500,000 tumble dryers from Peterborough-based Whirlpool to be recalled over safety fears
Hundreds of thousands of owners of unmodified Whirlpool tumble dryers have been urged to unplug them immediately as the firm faces an “unprecedented” order to recall the machines.
Whirlpool, which has its head office in Morley Way, Woodston, has been informed the Government intends to serve a recall notice over concerns that an estimated 500,000 unmodified tumble dryers pose a potential fire risk.
It comes after millions of machines under its Hotpoint, Indesit, Creda, Swan and Proline brands were identified as requiring a fix to make them safe to operate.
Business minister Kelly Tolhurst said consumer safety was a “government priority” as she revealed plans to make the company recall remaining unmodified appliances.
Whirlpool urged anyone with an unmodified machine to contact them.
A spokeswoman said: “Safety is our number one priority and we remain committed to resolving any affected tumble dryers that have not yet been modified.
“The crucial message to anyone who still owns an affected dryer and has not already had it modified by Whirlpool is to contact us immediately on 0800 151 0905.
“In the meantime, anyone with an affected dryer that has not been modified should unplug it and not use it until the modification has been completed.”
The company said it was in ongoing discussions with the Office for Product Safety and Standards (OPSS) “to agree additional measures we have proposed to reach consumers who have not yet engaged with this safety programme”.
However, Ms Tolhurst told MPs on Tuesday that after reviewing the company’s actions “we have informed Whirlpool of our intention to serve a recall notice as a next step of the regulatory process”.
“This is unprecedented action,” she told the Commons.
The Government has been criticised over the time it has taken to serve Whirlpool with a recall notice.
Whirlpool issued a safety warning in 2015 after it found Hotpoint, Creda and Indesit dryers had a fault making them a fire risk and launched a programme of modifying faulty machines.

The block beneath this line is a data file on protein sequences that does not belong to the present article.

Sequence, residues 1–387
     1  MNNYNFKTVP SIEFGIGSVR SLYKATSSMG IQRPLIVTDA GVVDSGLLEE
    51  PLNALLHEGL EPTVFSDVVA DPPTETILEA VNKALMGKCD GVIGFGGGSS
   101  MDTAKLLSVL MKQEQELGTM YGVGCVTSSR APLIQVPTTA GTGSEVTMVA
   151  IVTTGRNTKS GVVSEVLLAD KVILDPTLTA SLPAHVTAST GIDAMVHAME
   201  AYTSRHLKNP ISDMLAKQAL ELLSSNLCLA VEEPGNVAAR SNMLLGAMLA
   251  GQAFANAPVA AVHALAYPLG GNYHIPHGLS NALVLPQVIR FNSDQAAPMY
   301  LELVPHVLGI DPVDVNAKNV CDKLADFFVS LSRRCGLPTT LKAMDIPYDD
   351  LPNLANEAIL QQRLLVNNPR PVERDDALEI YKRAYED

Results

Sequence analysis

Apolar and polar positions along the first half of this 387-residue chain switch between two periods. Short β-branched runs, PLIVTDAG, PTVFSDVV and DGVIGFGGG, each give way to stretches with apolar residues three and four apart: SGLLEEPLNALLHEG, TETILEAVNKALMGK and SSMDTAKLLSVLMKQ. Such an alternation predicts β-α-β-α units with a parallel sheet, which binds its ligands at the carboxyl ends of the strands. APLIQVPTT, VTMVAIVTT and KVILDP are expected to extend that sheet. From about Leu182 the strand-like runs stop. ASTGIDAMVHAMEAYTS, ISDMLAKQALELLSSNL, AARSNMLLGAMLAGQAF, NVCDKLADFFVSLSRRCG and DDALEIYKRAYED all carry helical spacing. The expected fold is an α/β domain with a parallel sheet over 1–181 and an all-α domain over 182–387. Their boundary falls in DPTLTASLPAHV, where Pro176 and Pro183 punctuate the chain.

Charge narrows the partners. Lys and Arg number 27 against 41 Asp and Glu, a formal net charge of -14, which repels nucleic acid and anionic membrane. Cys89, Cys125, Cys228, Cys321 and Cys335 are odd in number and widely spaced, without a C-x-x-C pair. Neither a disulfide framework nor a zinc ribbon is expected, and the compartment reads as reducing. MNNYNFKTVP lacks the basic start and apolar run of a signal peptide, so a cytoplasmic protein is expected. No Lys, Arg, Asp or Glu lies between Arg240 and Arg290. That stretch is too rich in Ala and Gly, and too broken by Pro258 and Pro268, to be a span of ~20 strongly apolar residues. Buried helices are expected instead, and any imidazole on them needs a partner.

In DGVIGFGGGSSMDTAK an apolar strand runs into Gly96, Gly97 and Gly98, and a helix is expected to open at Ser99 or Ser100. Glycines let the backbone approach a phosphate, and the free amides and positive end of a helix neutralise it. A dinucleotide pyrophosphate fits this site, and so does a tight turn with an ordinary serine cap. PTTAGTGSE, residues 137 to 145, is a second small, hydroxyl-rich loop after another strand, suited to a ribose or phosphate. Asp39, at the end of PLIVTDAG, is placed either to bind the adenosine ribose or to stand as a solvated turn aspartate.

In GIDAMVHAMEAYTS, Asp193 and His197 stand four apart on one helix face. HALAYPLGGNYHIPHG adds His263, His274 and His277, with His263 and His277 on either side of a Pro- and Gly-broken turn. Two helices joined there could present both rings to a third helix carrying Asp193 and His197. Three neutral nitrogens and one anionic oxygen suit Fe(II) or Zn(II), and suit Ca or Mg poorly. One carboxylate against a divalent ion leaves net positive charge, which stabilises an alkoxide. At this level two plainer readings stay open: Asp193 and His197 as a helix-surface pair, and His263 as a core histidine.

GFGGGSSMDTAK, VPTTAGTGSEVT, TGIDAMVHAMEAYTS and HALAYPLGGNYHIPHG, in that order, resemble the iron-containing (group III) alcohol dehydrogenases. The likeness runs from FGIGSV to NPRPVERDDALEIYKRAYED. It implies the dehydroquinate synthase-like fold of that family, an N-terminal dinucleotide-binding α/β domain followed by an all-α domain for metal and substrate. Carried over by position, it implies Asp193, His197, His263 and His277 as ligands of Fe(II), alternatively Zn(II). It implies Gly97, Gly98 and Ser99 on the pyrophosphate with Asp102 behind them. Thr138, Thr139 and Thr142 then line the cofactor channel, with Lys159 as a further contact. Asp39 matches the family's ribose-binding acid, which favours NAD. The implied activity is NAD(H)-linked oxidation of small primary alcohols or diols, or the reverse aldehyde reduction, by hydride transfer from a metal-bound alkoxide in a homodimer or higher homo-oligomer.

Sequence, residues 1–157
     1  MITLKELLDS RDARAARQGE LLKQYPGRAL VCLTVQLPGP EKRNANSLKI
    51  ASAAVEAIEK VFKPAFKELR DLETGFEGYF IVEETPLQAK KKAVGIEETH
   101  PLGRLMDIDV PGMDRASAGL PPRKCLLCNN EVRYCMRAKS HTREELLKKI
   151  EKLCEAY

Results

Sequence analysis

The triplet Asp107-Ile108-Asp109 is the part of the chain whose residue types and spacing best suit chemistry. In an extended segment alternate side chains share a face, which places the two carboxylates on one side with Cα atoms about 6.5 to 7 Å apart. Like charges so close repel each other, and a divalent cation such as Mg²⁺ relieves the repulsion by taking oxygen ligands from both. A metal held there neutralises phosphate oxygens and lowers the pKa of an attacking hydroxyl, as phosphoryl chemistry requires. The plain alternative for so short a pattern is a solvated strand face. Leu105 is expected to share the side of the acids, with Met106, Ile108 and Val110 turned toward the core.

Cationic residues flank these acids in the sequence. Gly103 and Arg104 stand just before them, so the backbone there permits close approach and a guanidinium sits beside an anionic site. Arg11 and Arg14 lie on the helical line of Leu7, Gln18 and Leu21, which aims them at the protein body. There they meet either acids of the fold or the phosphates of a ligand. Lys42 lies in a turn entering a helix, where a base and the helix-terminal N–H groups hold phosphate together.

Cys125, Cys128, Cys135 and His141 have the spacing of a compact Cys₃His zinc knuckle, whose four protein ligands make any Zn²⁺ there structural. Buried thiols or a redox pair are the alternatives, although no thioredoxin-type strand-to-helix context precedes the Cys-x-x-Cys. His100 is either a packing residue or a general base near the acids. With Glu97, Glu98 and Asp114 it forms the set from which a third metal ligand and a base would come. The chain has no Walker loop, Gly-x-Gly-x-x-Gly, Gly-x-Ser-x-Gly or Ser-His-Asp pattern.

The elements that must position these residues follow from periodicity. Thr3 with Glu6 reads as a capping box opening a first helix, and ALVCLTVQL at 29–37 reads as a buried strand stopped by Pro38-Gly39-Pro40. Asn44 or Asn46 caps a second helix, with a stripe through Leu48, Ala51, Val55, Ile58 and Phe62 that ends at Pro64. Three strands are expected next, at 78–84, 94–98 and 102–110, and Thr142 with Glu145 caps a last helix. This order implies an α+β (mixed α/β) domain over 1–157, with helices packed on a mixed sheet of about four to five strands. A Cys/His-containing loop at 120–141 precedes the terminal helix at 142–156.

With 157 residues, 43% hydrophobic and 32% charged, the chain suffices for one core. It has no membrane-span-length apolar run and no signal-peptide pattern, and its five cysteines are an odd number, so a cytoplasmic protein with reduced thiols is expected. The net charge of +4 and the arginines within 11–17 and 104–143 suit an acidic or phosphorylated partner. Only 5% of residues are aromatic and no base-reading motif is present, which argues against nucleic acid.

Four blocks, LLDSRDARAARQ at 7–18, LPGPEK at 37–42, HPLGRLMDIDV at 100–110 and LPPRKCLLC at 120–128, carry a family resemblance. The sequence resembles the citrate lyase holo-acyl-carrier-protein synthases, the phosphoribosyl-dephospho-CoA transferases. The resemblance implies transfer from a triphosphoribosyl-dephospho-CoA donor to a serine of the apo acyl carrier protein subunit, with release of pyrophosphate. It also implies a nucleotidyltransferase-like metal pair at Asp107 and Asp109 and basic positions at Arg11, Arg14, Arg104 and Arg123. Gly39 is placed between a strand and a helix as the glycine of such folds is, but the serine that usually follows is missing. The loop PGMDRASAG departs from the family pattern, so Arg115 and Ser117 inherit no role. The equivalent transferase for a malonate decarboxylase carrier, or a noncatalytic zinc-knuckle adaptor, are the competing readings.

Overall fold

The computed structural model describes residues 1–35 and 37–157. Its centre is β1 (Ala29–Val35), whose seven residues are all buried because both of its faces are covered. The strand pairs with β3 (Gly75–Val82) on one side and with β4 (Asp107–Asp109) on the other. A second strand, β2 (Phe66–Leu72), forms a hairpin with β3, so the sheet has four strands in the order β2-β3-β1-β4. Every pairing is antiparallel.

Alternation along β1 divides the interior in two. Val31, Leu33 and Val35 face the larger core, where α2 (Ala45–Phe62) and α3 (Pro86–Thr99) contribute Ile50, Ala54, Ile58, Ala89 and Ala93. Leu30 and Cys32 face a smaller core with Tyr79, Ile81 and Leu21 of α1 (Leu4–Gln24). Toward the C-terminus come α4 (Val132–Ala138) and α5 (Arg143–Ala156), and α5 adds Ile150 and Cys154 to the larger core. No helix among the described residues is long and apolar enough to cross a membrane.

The problems were blamed on causing at least 750 fires over an 11-year period.
Rachel Reeves, chairman of the Business, Energy and Industrial Strategy Committee (BEIS), said: “Finally, over a year since we called for a recall of defective machines and 18 months since the BEIS Committee reported on Whirlpool’s inadequate response to safety flaws, the Government is at last showing some teeth and taking long overdue action on Whirlpool.
“The company’s modification of defective machines has proceeded at snail’s pace, leaving up to half-a-million unmodified and potentially unsafe tumble driers still in people’s homes.”
She called on the Government to explain what had prompted it to pursue the recall, as well as a “full explanation” from Whirlpool when the company appears before MPs in July.
Which? said the recall move was a “hugely significant step”, but suggested the notice should include modified machines as well.
The consumer group’s head of campaigns, David Chaplin, said: “But there will be serious questions if this recall only addresses the 500,000 unmodified machines that Whirlpool has already struggled to locate.
“The Government must urgently explain what it is going to do about the millions of modified machines still in people’s homes, following serious concerns that have been raised by people who have experienced fires, smoke and burning despite the so-called fix.”
A review by the OPSS found a low risk of harm or injury from modified machines and recommended consumers could continue using them.